Toronto After Dark 2013: Stalled – Christian James

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I haven’t seen a movie where things go so wrong at Christmas since the days of Gremlins and Die Hard.  In Stalled, a custodian-type everyman, W.C. (writer/star Dan Palmer) finds himself trapped in the women’s washroom at a company party on Christmas Eve when the zombie apocalypse suddenly breaks out.  Soon he’s barricaded himself into one of the stalls as more and more colourfully-dressed zombies file into the room, and yet can’t get out because they don’t know how to work the door from the inside.

The irony of the lead character’s initials being the same as “water closet” (a British term for washroom) was not lost on me, and while some of the humour of this UK ZomCom was not really my style, overall the film does have a certain amount of charm – and a wicked dance number.

W.C. finds out early on that he’s not the only person left alive/not undead in the room – a woman is crying alone in the far stall.  The pair strike up a conversation that wanders from escape plans to life before the apocalypse and back again.  W.C. draws a caricature of the woman on the wall of his stall in black magic marker, and talks to the  drawing as a replacement for not being able to see the face behind the voice coming from the other side of the room.

There were a lot of things about this film that I really really enjoyed.  The first thing I noticed was how incredible the sound editing was.  Normally I don’t really notice technical things when watching a film, but in Stalled, the sounds we hear are almost a character unto themselves, and often, it’s what we hear that pulls us into the scene, rather than the visual gory details most films employ.  There are some pretty disgusting sounds in Stalled, and it made the visual gore less necessary – and when there IS gore, it’s used sparingly to some pretty great effect.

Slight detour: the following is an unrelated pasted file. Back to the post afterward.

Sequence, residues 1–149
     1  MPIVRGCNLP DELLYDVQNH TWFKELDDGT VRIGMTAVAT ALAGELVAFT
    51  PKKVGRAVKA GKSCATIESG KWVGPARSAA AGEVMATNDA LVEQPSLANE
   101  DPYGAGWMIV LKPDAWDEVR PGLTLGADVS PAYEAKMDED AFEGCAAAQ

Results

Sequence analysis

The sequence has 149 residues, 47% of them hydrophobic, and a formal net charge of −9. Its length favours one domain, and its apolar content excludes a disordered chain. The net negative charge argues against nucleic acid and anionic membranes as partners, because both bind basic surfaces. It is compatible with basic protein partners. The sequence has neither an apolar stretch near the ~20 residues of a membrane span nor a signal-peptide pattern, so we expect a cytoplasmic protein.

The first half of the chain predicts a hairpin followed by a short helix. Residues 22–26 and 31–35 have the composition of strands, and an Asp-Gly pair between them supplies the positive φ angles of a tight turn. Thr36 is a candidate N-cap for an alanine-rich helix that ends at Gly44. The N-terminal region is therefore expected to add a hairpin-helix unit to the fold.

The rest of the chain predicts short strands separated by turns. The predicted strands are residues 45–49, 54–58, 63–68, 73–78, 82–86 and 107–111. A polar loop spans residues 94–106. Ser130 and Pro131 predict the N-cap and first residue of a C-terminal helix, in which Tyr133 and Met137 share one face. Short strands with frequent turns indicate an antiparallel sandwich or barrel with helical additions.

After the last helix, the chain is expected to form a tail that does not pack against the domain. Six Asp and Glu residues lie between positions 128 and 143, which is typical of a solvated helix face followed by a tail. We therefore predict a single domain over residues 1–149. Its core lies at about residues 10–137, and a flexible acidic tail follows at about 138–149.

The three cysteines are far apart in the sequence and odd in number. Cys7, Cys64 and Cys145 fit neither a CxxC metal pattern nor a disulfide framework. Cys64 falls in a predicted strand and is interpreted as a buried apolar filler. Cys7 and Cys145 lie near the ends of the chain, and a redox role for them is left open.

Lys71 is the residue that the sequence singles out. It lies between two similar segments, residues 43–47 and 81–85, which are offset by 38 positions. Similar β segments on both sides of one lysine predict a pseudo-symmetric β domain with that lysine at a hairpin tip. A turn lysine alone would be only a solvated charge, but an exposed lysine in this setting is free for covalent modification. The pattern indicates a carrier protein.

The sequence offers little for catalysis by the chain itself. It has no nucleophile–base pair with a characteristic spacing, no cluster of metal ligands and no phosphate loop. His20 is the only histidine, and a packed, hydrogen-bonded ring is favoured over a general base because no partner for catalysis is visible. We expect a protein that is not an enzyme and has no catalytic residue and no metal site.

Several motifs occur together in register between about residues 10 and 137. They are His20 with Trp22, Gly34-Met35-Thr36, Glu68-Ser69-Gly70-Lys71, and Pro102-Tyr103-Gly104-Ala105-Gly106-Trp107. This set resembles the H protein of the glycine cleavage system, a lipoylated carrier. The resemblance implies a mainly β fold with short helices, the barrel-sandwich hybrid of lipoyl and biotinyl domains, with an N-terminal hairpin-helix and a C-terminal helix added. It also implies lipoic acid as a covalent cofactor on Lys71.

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I enjoyed the budding relationship between the voice and W.C. – it was almost like an online romance, as they can’t see one another, but they are technically in the same room – along with a horde of bloodthirsty zombies, of course.  I found the pair of remaining humans brought a lot of heart to the film, and stopped it from crossing over the ridiculous line so far that I wouldn’t be able to relate to it anymore.  In addition, W.C. had to get pretty creative with his defense tactics from his bunker stall and – while I thought some of it was kind of unnecessary – for the most part, I did not anticipate the majority of the ideas he came up with, and that’s a difficult thing to do, so kudos to the filmmakers for their creativity, as well!

Overall, Stalled may not have been my favourite, but I did enjoy it for what it was, and even stayed for the sting after the credits!

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